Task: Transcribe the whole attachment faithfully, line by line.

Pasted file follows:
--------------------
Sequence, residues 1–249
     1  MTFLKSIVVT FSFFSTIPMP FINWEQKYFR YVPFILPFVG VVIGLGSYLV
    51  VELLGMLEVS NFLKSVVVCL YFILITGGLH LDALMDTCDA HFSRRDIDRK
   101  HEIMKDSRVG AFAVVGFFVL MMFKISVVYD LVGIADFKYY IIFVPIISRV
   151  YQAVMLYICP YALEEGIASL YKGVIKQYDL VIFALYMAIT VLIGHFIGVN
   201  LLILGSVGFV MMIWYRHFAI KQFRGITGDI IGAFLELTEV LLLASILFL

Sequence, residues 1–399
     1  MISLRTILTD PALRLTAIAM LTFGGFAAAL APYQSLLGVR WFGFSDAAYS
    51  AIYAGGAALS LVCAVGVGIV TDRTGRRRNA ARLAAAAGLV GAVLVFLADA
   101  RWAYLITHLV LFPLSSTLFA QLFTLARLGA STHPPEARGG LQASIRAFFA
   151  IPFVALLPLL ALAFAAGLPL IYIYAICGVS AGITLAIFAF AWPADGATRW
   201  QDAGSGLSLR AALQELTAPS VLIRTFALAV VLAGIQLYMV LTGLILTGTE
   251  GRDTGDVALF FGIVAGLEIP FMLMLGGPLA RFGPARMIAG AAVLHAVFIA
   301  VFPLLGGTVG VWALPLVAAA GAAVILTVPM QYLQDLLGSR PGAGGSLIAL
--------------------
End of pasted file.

Sequence, residues 1–249
     1  MTFLKSIVVT FSFFSTIPMP FINWEQKYFR YVPFILPFVG VVIGLGSYLV
    51  VELLGMLEVS NFLKSVVVCL YFILITGGLH LDALMDTCDA HFSRRDIDRK
   101  HEIMKDSRVG AFAVVGFFVL MMFKISVVYD LVGIADFKYY IIFVPIISRV
   151  YQAVMLYICP YALEEGIASL YKGVIKQYDL VIFALYMAIT VLIGHFIGVN
   201  LLILGSVGFV MMIWYRHFAI KQFRGITGDI IGAFLELTEV LLLASILFL

Sequence, residues 1–399
     1  MISLRTILTD PALRLTAIAM LTFGGFAAAL APYQSLLGVR WFGFSDAAYS
    51  AIYAGGAALS LVCAVGVGIV TDRTGRRRNA ARLAAAAGLV GAVLVFLADA
   101  RWAYLITHLV LFPLSSTLFA QLFTLARLGA STHPPEARGG LQASIRAFFA
   151  IPFVALLPLL ALAFAAGLPL IYIYAICGVS AGITLAIFAF AWPADGATRW
   201  QDAGSGLSLR AALQELTAPS VLIRTFALAV VLAGIQLYMV LTGLILTGTE
   251  GRDTGDVALF FGIVAGLEIP FMLMLGGPLA RFGPARMIAG AAVLHAVFIA
   301  VFPLLGGTVG VWALPLVAAA GAAVILTVPM QYLQDLLGSR PGAGGSLIAL